- The Washington Times
Friday, July 22, 2022

The Federal Communications Commission has ordered phone companies to stop carrying the traffic of a robocall scam hawking auto warranties.

The agency announced an order to all U.S. voice service providers on Wednesday to stop carrying the traffic of a robocall operation involving “Roy Cox Jr., Aaron Michael Jones, their Sumco Panama companies, and international associates.”


The FCC specified in its press release that, “The robocalls include … prompts to speak with a ‘warranty specialist’ about extending or reinstating their car warranty.”

The FCC initially contacted eight service providers with cease-and-desist letters to stop carrying this traffic on July 7. These companies’ nonresponse prompted the FCC to order all service providers to refuse the robocalls.

Mr. Cox, Mr. Jones and their international partners are accused of “making more than eight billion unlawful pre-recorded message calls to American consumers since at least 2018,” according to the FCC’s order.

The group is also accused of hiding its true caller identification from recipients by making it appear as if the calls originated locally. This practice is known as “neighbor spoofing.”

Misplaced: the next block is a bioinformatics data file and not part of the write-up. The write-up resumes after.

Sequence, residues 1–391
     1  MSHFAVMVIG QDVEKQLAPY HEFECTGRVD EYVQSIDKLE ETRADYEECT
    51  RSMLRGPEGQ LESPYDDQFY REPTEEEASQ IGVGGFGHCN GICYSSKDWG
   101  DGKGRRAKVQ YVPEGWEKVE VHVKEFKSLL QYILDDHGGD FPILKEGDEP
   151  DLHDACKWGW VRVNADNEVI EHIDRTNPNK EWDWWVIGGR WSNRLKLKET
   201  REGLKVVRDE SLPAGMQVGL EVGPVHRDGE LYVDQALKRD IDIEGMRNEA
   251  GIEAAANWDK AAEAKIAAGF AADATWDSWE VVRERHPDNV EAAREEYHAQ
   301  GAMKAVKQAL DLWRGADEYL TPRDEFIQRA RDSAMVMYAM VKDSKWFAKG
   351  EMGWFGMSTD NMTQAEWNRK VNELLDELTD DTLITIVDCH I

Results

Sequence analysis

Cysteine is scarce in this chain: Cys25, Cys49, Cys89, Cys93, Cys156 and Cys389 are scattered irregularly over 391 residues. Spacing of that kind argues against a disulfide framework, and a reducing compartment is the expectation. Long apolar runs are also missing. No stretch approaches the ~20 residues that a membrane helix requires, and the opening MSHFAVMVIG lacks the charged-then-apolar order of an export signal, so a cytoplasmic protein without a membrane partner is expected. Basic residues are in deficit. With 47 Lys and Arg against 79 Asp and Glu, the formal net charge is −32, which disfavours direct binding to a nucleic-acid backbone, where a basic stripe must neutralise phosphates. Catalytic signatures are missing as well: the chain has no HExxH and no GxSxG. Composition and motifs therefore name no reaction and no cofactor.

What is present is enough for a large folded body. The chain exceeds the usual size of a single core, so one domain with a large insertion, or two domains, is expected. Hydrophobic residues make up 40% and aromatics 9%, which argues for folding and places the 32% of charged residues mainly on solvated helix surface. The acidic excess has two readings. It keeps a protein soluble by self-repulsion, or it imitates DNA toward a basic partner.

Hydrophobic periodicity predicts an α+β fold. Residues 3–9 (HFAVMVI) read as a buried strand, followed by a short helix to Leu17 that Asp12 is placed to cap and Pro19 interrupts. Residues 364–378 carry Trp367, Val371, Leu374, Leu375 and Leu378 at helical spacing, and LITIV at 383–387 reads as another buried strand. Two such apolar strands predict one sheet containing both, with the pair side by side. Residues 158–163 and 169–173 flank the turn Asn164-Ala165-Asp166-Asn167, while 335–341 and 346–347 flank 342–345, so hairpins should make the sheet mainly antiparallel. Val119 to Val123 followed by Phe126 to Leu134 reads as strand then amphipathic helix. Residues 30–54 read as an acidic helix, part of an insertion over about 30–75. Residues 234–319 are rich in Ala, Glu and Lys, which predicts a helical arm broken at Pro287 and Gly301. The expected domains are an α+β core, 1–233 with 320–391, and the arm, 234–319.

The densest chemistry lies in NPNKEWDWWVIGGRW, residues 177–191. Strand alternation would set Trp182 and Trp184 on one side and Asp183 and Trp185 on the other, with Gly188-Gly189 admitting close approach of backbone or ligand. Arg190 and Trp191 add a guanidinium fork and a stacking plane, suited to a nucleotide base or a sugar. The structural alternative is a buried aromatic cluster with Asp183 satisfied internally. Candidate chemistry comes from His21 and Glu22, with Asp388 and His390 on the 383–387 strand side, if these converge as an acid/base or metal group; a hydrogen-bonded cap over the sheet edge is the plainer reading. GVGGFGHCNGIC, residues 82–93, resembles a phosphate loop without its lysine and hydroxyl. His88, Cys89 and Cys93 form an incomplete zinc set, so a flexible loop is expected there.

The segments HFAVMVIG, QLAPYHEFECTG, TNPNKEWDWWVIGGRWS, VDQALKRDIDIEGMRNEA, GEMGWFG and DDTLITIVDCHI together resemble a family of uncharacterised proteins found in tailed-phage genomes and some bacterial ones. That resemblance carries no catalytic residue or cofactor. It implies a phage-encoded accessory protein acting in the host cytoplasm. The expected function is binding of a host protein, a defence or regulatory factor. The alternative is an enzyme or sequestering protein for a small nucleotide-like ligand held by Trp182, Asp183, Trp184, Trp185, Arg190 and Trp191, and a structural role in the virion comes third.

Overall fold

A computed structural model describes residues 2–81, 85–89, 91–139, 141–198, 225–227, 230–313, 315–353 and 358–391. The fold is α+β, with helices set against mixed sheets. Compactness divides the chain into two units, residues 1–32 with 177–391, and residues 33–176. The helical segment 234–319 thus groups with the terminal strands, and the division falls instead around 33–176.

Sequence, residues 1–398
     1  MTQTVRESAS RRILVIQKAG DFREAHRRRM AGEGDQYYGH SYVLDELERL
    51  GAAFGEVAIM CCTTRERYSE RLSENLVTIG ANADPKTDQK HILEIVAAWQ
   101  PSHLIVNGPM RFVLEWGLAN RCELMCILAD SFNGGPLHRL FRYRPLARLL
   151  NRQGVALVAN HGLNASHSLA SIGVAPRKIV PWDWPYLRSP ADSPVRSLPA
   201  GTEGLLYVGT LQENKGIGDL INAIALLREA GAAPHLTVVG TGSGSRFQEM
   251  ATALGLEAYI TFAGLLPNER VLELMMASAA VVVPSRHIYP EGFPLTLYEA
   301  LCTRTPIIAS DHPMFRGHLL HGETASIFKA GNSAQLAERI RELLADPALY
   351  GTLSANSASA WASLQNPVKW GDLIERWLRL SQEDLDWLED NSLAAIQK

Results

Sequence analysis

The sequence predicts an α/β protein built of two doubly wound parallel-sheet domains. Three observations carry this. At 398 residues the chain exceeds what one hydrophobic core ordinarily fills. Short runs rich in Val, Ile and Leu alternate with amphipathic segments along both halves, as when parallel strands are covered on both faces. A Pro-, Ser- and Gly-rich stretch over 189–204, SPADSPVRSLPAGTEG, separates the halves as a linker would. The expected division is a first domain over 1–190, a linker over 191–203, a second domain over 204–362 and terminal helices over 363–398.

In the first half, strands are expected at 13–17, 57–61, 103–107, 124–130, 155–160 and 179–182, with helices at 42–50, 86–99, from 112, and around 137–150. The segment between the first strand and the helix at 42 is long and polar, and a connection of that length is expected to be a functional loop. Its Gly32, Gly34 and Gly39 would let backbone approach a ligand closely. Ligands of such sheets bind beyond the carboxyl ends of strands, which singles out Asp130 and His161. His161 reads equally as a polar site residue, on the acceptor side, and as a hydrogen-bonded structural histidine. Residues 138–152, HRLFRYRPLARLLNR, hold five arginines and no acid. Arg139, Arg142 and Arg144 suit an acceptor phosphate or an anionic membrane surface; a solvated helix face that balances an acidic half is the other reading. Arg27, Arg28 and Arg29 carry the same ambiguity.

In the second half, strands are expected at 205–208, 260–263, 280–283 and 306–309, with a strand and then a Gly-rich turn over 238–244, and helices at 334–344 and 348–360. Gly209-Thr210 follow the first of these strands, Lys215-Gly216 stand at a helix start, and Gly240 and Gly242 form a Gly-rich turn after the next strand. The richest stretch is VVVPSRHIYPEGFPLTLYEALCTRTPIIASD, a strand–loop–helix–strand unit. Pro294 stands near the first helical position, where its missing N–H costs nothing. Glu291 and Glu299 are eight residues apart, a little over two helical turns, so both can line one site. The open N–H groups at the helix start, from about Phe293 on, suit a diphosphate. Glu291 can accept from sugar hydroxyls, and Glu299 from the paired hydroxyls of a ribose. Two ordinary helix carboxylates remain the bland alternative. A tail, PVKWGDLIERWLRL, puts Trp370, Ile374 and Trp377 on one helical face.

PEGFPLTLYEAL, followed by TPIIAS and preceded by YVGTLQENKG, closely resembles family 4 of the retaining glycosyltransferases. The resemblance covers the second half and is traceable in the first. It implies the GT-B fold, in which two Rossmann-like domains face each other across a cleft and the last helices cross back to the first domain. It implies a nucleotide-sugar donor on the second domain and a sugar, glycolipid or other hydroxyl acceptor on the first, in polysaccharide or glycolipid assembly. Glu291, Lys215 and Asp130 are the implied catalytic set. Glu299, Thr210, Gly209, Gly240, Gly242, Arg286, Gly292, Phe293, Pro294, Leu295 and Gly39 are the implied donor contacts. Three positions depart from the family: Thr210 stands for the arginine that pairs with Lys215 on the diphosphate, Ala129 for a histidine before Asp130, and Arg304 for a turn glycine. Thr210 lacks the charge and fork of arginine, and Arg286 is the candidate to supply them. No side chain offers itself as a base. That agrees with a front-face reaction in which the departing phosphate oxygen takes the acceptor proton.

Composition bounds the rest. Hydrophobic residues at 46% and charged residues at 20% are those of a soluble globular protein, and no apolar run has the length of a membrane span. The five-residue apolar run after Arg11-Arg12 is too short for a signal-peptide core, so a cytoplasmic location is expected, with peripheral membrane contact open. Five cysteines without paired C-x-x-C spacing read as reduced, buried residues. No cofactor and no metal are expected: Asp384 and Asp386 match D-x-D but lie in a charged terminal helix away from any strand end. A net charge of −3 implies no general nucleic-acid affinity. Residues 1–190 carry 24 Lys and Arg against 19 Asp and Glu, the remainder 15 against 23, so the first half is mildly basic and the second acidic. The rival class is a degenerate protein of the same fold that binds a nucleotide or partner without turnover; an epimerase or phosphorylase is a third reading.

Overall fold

The FCC order states that “the Cox/Jones/Sumco Panama Operation purchased nearly 500,000 numbers from at least 229 area codes in November and December 2020 apparently to make the calls appear to consumers as if they were originating locally.”

Up to this point, Mr. Cox, Mr. Jones, and their co-conspirators were still sending out millions of illegal robocalls on a daily basis.

In addition to this order, the robocall operation is also subject to an FCC Enforcement Bureau investigation and a lawsuit from Ohio Attorney General Dave Yost.

In a press release on July 7, Mr. Yost said, “Our lives are plagued by robocalls like a swarm of flies. This particular operation prompted more than 1,600 unwanted-call complaints to my office. It’s time to get out the fly swatter.”

FCC Chair Jessica Rosenworcel agreed, saying, “billions of auto warranty robocalls [came] from a single calling campaign.”

“Auto warranty scams are one of the top complaints we get from consumers and it’s time to hold those responsible for making these junk calls,” she said.

• Brad Matthews can be reached at bmatthews@washingtontimes.com.


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